Canadian grocers make $3.27M per year from penny-rounding, finds 19-year-old economics student

According to a research conducted by third-year economics and mathematics student Christina Cheng, Canadian grocers are making $3.27 million per year from penny-rounding.

In 2012 Ottawa announced its plan to phase out coppers coins, as a result, cash purchases are now rounded up or down to the nearest five-cent increment.

Christina Cheng is a young researcher at the University of British Columbia.She liked to know the real beneficiary and started to investigate in her spare time.

“Penny-rounding always becomes a guessing game,”

“It’s a fun guessing game because it might not hurt in the short run, looking at several cents, but in the long run, I wondered if this actually accumulates.” — she said.

Cheng spent 45 days to collect 18,000 prices at grocery stores. She got help from her friend and took pictures of price tags and entered the data into a spreadsheet. A simple observation found most of the prices were ending with o.98 0r .99 . And when the tax is not applicable these figures get rounded up for cash transactions.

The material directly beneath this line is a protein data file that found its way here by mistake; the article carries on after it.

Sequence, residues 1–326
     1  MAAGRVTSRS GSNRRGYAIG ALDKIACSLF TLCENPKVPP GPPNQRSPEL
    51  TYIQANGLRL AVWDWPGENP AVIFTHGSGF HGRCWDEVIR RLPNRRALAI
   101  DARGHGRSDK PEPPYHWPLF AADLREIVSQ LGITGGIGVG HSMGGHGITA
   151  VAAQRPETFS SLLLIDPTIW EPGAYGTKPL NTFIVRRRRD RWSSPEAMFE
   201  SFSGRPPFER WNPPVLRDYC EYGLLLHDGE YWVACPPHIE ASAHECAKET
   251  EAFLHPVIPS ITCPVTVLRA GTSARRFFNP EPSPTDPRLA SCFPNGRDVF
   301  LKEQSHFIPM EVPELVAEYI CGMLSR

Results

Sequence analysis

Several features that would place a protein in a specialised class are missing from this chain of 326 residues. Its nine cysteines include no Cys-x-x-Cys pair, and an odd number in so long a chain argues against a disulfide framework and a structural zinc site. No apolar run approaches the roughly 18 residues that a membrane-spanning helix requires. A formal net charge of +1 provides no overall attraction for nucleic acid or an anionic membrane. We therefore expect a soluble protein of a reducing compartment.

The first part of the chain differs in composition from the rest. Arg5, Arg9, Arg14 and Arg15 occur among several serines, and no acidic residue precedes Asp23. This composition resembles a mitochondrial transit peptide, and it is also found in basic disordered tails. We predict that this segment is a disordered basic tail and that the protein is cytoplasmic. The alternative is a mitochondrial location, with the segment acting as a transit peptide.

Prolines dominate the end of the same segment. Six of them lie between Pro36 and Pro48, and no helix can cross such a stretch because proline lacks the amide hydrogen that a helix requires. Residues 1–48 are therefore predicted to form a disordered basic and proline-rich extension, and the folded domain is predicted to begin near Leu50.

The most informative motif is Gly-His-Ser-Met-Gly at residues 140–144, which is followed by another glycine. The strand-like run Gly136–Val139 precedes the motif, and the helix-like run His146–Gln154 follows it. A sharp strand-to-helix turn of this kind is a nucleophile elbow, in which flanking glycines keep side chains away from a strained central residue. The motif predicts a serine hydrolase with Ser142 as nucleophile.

She took the data and used a computer simulator to create “grocery baskets” with various items and adjusted different variables like numbers of items and amount of taxes. And then collected data from the Bank of Canada on what payment methods consumers are most likely to use.

Finally, she found the grocery stores are making profits from penny-rounding.

“Canadian consumers don’t end up paying much extra, but the rounding on cash transactions can mean big money for grocery retailers across the country, with each store standing to collect $157 per year” — she said.

The Retail Council of Canada disagrees with Cheng’s findings.

“The study’s methods don’t reflect real grocery baskets or take into account the impacts of various provincial taxes on bill totals” — said Karl Littler, The Retail Council of Canada’s Vice President (Public Affairs).

Her study has won the competition for the best undergraduate student paper at the International Atlantic Economic Society’s conference in Montreal.

“Tying research with application is what I love to do,” she said.

 

 

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